Golden Secures Priorities for Nat’l Security, Bath Shipbuilders, Servicemembers and their Families in Annual Defense Spending Bill
WASHINGTON — The conference report of the Fiscal Year 2021 National Defense Authorization Act (NDAA) — the final version of the legislation — passed the House last night. The legislation contained a number of Congressman Jared Golden’s (ME-02) priorities for American national security, Maine shipbuilders, and servicemembers and their families. Golden was a member of the conference committee that produced the report and secured the important provisions over nearly a year of work on the House Armed Services Committee.
“I’m proud to continue working with Democrats and Republicans to ensure our nation’s servicemembers have what they need to defend this country,” said Golden. “Whether that’s vehicles and equipment, like Bath-built ships, or providing a pay raise for our troops, this bill supplies crucial support for a variety of issues critical to our national security and to Maine.”
The legislation authorizes a new DDG-51 Arleigh Burke-class destroyer to be constructed at Bath Iron Works (BIW) and helps BIW compete for new work by encouraging a new multi-year procurement process for the DDG-51 Flight III.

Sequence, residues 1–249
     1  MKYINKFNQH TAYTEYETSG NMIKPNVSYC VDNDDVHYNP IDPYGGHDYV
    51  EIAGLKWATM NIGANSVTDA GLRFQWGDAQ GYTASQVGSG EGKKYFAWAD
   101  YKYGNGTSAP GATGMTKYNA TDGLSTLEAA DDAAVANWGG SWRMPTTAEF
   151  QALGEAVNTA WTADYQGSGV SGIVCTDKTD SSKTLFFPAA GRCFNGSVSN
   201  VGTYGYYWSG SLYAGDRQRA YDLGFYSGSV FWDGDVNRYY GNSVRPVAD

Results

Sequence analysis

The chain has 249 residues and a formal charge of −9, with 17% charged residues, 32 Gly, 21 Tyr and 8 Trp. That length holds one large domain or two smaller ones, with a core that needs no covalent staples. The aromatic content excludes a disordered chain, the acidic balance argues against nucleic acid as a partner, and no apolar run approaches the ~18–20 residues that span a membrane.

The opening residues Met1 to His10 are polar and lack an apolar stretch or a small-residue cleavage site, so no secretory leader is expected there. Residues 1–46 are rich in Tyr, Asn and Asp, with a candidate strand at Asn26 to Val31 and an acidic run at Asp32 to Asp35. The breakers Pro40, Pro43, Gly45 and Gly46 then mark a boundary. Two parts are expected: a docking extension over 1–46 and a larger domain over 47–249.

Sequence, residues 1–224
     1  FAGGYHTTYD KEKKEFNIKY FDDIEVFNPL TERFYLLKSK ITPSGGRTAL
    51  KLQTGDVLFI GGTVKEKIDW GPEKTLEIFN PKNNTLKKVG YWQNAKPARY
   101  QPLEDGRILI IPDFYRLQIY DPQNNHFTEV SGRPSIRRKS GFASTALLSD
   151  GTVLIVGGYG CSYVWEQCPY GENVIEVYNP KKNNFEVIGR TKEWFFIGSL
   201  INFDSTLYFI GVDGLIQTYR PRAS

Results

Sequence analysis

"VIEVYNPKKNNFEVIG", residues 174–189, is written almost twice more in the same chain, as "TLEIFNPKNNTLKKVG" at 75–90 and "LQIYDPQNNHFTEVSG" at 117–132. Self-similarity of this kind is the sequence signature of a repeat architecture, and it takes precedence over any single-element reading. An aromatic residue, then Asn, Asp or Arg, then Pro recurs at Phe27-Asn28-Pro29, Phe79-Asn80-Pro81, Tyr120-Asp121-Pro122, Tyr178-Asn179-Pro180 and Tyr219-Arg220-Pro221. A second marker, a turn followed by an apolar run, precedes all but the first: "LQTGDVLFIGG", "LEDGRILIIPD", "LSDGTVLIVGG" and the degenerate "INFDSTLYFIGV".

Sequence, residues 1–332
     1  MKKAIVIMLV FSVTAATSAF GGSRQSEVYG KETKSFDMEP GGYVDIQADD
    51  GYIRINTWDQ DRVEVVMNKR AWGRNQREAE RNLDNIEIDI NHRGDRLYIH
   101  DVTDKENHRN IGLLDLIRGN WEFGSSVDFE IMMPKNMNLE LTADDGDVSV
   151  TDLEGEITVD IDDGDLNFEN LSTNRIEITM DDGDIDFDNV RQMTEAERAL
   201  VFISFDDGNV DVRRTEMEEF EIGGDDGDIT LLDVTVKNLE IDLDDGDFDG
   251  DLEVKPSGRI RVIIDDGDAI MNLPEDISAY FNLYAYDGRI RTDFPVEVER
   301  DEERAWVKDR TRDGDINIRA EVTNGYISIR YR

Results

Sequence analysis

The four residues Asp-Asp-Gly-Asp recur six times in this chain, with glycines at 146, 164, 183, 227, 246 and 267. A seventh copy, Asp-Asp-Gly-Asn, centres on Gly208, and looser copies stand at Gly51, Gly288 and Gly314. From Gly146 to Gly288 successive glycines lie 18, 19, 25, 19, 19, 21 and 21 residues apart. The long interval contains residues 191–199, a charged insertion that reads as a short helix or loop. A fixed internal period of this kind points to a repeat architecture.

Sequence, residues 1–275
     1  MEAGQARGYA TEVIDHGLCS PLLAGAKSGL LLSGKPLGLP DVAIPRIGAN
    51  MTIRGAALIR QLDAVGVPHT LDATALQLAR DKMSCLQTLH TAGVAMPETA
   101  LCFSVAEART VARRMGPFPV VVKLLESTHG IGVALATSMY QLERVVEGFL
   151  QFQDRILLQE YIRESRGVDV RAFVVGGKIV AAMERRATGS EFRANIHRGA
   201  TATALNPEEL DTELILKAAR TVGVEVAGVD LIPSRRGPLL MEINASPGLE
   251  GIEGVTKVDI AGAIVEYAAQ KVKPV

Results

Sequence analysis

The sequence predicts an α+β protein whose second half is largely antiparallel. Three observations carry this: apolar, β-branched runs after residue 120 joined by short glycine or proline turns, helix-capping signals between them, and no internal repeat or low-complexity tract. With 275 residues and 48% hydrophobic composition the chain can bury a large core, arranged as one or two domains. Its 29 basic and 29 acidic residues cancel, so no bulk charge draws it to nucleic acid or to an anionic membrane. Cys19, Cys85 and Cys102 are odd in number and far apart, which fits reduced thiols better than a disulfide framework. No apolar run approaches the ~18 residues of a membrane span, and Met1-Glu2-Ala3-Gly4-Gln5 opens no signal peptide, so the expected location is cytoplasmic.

The FY21 NDAA also makes permanent new Department of the Interior guidelines proposed by Golden and Senator Angus King (I-ME) allowing Gold Star Families to use federal land free of charge.
The bill contains other important provisions that increase annual pay for active duty servicemembers by 3 percent, provide additional benefits to veterans who have been harmed by exposure to Agent Orange, and support families in the military with better access to child care.
Other provisions Congressman Golden worked to secure in the conference report include:
- Protecting the KC-135 from retirement prior to 2023, ensuring a reliable fleet of aircraft for the ME Air National Guard;
- Changes to the Berry amendment to ensure greater domestic sourcing of DoD programs;
- Funding state-of-the-art innovative research and development at the University of Maine’s Advanced Structures and Composites Center; and
- Authorizing 93 F-35 Joint Strike Fighters, protecting American air superiority and ensuring continued work for a variety of ME businesses that produce critical components for the aircraft.